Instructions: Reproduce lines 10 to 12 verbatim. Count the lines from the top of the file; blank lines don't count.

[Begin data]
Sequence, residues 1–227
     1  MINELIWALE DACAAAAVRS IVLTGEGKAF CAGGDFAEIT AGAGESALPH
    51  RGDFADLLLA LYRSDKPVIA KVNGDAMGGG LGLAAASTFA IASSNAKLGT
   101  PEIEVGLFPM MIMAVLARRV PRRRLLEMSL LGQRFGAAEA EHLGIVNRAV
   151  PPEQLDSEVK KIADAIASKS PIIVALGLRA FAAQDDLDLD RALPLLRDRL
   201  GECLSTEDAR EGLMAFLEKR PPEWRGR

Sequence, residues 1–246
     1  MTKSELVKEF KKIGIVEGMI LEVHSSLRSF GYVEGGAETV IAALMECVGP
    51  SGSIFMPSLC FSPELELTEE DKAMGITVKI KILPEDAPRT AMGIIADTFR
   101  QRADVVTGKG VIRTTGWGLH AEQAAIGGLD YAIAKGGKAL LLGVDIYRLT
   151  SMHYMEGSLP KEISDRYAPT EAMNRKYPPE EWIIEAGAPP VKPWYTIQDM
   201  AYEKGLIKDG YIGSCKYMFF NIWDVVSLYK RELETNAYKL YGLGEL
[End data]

   101  QRADVVTGKG VIRTTGWGLH AEQAAIGGLD YAIAKGGKAL LLGVDIYRLT
   151  SMHYMEGSLP KEISDRYAPT EAMNRKYPPE EWIIEAGAPP VKPWYTIQDM
   201  AYEKGLIKDG YIGSCKYMFF NIWDVVSLYK RELETNAYKL YGLGEL